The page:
27 DFMR INTERNAL REFERRAL PROCESS TO PEDS OBESITY PROGRAM Resident identifies RD & SW appt Involve in Grant Program

28 FUTURE HOPES 1)Integrate the Riley POWER program 2)Solidify a team 3)Work on customized care with specific goals, weekly contact, track the entire family for outcomes

29 CONCLUSION 1)As a country, our children are becoming more overweight and obese 2)Use the BMI classification system and identify children’s BMI percentile 3)Know why it is important to bring their child’s obese up during visits. Because we will be treating them as adults with the MI, HTN, DM2 Insulin Dep 20 year old 4)Screen for Risk Factors and do proper screening 5)Try using motivational interviewing 6)No one has the perfect solution yet, find your community resources to help you!

30 ANY QUESTIONS?

31 REFERENCES AAFP CME Bulletin about Childhood Obesity: Assessment, Prevention, and Treatment. Released 2012 Sandeep Gupta, MD and Amanda Garant, MS, RD, CD Riley POWER Program Some of their PP pictures and ideas were used. Barlow SE; Expert Committee. Expert Committee recommendations regarding the prevention, assessment, and treatment of child and adolescent overweight and obesity: summary report. Pediatrics. 2007;120 Suppl 4:S164-S192. Centers for Disease Control and Prevention. CDC grand rounds: childhood obesity in the United States. MMWR Morb Mortal Wkly Rep. 2011;60(2): Erratum in MMWR Morb Mortal Wkly Rep. 2011;60(5):142. Krebs NF, Himes JH, Jacobson D, et al. Assessment of child and adolescent overweight and obesity. Pediatrics. 2007;120 Suppl 4:S193-S228 [Review]. Rao G. Childhood obesity: highlights of AMA Expert Committee recommendations. Am Fam Physician. 2008;78(1):56-63, Bindon J, Dressler WW, Gilliland MJ, et al. A cross-cultural perspective on obesity and health in three groups of women: the Mississippi Choctaw, American Samoans, and African Americans. Coll Anthropol. 2007;31(1):47-54.

32 RESOURCES FOR MORE INFO Examining the relationships between family meal practices, family stressors, and the weight of youth in the family Family mealtimes: a contextual approach to understanding childhood obesity Healthy eating index-C is positively associated with family dinner frequency among students in grades 6-8 from Southern Ontario, Canada Household routines and obesity in US preschool-aged children. Key Issues in the Prevention of Obesity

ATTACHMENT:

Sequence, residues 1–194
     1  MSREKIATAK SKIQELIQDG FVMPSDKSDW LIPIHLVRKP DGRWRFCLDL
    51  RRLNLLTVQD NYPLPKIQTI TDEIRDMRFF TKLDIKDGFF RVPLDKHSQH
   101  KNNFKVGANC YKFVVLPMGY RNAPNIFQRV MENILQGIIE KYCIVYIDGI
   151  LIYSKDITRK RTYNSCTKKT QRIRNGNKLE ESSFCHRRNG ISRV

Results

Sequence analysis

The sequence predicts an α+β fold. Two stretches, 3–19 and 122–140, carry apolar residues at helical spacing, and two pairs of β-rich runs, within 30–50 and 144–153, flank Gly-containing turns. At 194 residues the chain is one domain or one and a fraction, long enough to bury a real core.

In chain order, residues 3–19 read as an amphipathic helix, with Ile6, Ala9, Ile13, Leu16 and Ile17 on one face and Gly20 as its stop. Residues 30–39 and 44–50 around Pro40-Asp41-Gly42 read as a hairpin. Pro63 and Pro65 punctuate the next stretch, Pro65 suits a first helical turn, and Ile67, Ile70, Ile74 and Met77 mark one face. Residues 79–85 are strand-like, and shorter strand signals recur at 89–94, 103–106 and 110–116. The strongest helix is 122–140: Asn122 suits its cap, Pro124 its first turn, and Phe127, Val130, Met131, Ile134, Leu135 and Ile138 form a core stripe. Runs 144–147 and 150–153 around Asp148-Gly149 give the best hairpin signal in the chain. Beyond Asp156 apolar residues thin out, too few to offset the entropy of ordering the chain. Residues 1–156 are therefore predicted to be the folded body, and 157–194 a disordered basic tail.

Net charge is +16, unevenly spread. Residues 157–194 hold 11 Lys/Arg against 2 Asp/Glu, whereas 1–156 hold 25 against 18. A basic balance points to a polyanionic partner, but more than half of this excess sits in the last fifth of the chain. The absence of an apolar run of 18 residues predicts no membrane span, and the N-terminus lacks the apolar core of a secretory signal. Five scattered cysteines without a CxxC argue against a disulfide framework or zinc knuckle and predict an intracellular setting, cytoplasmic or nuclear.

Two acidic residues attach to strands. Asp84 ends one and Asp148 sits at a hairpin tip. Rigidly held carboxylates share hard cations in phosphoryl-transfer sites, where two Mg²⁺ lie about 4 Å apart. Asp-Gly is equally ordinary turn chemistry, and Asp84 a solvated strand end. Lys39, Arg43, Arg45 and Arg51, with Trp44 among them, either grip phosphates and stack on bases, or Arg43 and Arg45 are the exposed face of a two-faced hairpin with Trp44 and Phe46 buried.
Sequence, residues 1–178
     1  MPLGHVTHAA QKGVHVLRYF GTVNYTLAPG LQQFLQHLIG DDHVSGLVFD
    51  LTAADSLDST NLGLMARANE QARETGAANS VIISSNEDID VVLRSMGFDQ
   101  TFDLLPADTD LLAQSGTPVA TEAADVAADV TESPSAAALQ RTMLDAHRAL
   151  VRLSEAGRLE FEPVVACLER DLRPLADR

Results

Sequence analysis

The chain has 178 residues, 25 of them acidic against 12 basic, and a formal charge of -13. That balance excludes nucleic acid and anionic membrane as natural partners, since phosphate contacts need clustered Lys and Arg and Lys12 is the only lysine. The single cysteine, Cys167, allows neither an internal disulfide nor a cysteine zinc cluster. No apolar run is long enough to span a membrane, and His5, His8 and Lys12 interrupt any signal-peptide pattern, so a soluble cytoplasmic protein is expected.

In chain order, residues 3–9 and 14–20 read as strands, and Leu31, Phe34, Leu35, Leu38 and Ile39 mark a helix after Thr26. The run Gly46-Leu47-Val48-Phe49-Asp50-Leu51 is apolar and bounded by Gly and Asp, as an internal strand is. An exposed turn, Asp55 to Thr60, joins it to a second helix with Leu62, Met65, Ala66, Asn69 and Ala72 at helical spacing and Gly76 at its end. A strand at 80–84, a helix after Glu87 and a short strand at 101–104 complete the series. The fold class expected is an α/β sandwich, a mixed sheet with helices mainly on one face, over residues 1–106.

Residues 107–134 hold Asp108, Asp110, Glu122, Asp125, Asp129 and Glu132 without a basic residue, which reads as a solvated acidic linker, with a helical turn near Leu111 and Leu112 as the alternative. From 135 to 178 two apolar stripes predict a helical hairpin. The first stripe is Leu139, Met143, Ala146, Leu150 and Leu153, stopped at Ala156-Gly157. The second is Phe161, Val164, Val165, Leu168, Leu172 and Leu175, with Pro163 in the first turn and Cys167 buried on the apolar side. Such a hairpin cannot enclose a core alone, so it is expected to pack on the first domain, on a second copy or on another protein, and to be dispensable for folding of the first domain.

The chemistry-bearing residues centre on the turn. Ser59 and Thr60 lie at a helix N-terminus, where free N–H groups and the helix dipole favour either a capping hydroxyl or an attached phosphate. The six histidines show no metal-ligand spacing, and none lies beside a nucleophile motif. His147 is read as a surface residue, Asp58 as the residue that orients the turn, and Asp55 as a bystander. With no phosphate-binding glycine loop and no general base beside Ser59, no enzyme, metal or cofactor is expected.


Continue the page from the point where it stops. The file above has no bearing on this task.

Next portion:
33 RESOURCES FOR MORE INFO Parenting Styles and Home Obesogenics Overweight and Obesity Data from the CDC Pediatrics : Recs for Prevention of Obesity ml?sid=2c1e4978-da d9a-ed9e2d1722c6

34 RESOURCES FOR PARENTS AND PATIENTS 4H Programs: Health-promoting youth programs, available at Big Brothers Big Sisters of America: Mentoring program committed to promoting healthy lifestyles, available at Centers for Disease Prevention and Control Tips for Parents: Information, resources, links, Dietary Guidelines for Americans 2010: Compendium of information on healthful diets, pitfalls, advice, and links to other resources, Smart-Mouth.org: Videos, games, information, links, Text4Baby: 3 free text messages/week to pregnant women or new mothers; actionable, evidence-based information relevant to stage of pregnancy or child’s development;

35 RESOURCES FOR PARENTS AND PATIENTS UCLA Fit for Healthy Weight Program: Information, programs, tools, links to other resources, Weight-control Information Network: Helping Your Child: Tips, information, links, YMCA: Fitness programs for children (some at reduced fees), education to promote healthy choices, National School Lunch and Breakfast Programs: Free or reduced-cost balanced meals in public and nonprofit private schools, and Supplemental Nutrition Assistance Program: Assistance with grocery costs,